Of course many of them are into language learning and travel, but we tend to talk about whatever else comes up. In many situations, the structure of the language actually lets you be more expressive than non-constructed languages. [...]
Read the whole page for embedded links, videos, and much MUCH more.

The evolving demos, raised living standards

Why did the British surge ahead during the industrial evolution? Would you believe, it was awareness of numbers, and patience?

How learning to pass the marshmallow test explains global economic evolution
[...] Paul Solman: So we get to 1800 and now suddenly things become dramatically different. If you’ve got a line for growth per person that’s basically horizontal along a timeline of all human history, suddenly after 1800 it looks like it’s going straight up?

Greg Clark: Yes. Sometime around 1800 this dominant feature of the world up until then, which was very slow technological advancement, changed, and we moved to a world where technological advancement was systematic, expected, occurring all the time. But I should emphasize that that change is actually much more gradual than that 1800 date would suggest.

There was a break at some point between, say, 1600 and 1900 from this Malthusian world to the modern world, and that, for the advanced economies, just dramatically changed their nature.

What I want to emphasize here is the bizarre and puzzling nature of the Industrial Revolution, and it’s important to understand that this is one of the intellectual puzzles of history that’s on a par with the biggest puzzles in physics, or in astronomy, even though people generally don’t appreciate this. And perhaps the reason is that modern economists have constructed a false history of the world in their minds. They tend to assume that since high-income modern economies have certain economic features –

Paul Solman: Free markets, rule of law…

Greg Clark: …stability, peace, open government, and that low-income modern economies tend to have violence, market interference, restrictions — what must be the case is that the pre-industrial world suffered from all of these problems, and that then somehow people stumbled on the right institutions, and then growth occurred.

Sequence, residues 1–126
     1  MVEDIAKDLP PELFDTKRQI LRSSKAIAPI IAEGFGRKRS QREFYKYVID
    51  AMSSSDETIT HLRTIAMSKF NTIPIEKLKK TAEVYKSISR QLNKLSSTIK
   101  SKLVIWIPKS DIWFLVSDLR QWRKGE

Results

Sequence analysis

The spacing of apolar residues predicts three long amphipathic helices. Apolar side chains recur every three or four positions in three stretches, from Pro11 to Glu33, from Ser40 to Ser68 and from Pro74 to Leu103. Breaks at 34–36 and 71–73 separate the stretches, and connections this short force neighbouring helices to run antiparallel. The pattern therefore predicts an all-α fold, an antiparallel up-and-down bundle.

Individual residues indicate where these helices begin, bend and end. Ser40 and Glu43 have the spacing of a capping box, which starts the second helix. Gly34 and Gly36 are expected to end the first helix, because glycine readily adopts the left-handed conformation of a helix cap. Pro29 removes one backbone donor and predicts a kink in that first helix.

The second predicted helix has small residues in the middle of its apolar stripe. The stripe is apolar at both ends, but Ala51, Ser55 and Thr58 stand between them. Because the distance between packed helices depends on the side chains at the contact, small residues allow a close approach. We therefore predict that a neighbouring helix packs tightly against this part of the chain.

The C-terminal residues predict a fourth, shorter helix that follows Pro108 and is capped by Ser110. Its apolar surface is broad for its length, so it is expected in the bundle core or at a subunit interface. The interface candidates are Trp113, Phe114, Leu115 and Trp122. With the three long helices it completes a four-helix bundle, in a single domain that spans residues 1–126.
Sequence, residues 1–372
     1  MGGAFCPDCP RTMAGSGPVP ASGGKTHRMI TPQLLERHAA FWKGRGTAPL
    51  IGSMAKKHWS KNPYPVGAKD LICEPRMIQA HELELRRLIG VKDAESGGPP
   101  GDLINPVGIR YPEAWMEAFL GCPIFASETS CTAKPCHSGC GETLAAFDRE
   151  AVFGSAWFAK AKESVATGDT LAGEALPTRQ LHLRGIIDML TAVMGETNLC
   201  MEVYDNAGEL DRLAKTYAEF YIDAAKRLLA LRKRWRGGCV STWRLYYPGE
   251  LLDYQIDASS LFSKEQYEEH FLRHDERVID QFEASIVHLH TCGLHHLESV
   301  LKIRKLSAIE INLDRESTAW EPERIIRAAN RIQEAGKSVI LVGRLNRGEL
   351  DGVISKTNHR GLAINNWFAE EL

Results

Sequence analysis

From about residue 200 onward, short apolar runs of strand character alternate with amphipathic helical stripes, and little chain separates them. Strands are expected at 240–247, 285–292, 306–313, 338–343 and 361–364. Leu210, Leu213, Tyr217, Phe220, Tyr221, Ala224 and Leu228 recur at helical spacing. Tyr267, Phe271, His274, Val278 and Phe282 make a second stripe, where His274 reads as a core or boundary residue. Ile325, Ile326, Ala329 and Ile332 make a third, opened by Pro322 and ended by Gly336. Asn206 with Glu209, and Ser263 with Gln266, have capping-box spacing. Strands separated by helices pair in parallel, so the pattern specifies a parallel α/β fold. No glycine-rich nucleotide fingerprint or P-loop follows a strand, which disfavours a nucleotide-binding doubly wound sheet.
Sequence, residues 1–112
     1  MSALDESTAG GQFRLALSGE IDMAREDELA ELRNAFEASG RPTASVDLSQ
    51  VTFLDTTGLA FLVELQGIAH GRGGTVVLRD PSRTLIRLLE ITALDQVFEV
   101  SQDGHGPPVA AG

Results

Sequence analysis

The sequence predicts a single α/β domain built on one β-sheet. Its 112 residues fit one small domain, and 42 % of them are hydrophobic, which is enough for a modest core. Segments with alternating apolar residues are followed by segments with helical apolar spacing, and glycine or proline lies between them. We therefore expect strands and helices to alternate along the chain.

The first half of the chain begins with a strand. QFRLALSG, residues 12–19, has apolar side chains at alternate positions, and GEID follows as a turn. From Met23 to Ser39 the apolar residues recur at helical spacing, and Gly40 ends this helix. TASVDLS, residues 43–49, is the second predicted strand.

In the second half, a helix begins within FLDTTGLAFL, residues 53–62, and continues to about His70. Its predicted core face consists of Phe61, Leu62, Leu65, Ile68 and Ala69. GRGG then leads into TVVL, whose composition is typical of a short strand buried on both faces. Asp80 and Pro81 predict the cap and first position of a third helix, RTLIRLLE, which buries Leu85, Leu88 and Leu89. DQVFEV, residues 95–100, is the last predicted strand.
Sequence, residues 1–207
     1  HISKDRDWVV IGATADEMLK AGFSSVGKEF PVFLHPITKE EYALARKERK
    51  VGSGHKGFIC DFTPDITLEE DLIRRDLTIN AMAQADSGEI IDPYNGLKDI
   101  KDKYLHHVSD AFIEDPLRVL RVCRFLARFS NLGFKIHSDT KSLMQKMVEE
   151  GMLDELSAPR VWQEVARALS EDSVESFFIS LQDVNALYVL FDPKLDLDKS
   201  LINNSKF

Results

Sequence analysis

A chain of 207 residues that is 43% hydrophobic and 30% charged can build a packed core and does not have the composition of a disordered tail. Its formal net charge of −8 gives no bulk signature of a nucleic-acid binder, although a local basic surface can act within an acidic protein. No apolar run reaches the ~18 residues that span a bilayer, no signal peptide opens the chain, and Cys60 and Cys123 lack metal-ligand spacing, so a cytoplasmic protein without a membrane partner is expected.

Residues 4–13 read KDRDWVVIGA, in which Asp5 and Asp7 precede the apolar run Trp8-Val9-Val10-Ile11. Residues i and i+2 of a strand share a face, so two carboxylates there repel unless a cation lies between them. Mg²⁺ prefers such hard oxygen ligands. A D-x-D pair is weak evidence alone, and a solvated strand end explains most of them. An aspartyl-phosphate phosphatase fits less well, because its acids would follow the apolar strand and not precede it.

Paul Solman: And by “institutions” you mean markets, the sanctity of contracts?

Greg Clark: That’s right. Property rights, markets, representative government, limitations on the power of government. And it does turn out that England, which was in the vanguard of this movement, was a politically stable society with limited democracy, and very little government interference.

However, when you study the long history of the pre-industrial period, it becomes apparent that, for example, if you go back to 1300, England already had all the institutions you needed for modern economic growth.

England had a government tax rate that averaged 1 percent. It had, for hundreds of years, zero inflation. It had no government debt. It had absolute security for most people of their property rights. Most markets were free. For hundreds and hundreds of years, England had everything it needed for modern growth. If you go back to ancient Greece or ancient Rome, or probably even ancient Babylon, they had institutions enough for getting growth.

Paul Solman: We have the tablets from ancient Babylon because they were incised in clay, and there were all kinds of contracts.

Greg Clark: They had home mortgages, they had rental contracts, they had labor contracts, they had urban societies.

But, says Clark, the Babylonians obviously didn’t have modern economic growth. Nor did the Greeks, the Romans, the Chinese or anyone else, even though they had many of the institutions that economists credit with the advent of prosperity.

Greg Clark: It’s the dominant paradigm in modern economics. The idea in this is that economics has an amazing power. Institutions – I mean, it’s just the rules of the game in any society. If we don’t like the rules we have, why don’t we just change them? And then apparently, we could have endless growth.

That I think, is what gives economics its power and its appeal. But that’s what I’m trying to argue against.

I think the key was that there is very strong evidence that people were changing through this long Malthusian interval. Human nature seems to have been changing. It may well be culturally. It’s impossible to rule out that it’s actually genetically. What we find, if we look back at the earliest societies, is that people tended to be violent, impulsive, impatient. They didn’t like to work.

When we get to societies like England on the eve of the Industrial Revolution, you can see that people are accumulating capital in ways that they never did before. There’s much less violence – ordinary day-to-day violence — in the society.

People’s levels of education have expanded enormously. They are much more aware of numbers.

The upper classes in ancient Rome mostly didn’t know what age they were. On their tombstones they would record ages that were just fantastical – 120 in a society where life expectancy at birth was 25 to 30. No one seems to have thought: “This is crazy.”

You also get in these early societies people giving numbers for battles that just make no sense in terms of what we now know about history.